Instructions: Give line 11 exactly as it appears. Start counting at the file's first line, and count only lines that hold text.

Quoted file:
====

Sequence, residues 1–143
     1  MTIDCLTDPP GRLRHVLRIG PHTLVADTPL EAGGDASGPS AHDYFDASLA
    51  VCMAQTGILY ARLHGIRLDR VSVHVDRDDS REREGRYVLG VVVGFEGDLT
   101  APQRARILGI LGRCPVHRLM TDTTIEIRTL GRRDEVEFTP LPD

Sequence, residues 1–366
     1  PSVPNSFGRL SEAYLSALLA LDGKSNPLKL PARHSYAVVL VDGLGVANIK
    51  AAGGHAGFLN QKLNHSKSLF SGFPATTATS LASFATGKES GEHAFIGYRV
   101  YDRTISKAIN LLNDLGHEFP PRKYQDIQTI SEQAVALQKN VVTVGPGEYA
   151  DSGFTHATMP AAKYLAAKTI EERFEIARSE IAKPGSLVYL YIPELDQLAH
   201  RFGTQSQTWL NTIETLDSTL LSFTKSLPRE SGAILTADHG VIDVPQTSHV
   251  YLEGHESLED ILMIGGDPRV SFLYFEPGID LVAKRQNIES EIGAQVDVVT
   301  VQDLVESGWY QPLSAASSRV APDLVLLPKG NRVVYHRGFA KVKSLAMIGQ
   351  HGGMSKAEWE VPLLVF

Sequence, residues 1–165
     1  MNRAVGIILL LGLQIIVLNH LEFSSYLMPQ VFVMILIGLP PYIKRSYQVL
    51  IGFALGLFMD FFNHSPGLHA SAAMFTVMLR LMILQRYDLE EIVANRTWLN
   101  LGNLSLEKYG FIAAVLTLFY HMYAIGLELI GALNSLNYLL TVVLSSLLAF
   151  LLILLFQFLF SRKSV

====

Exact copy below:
   251  YLEGHESLED ILMIGGDPRV SFLYFEPGID LVAKRQNIES EIGAQVDVVT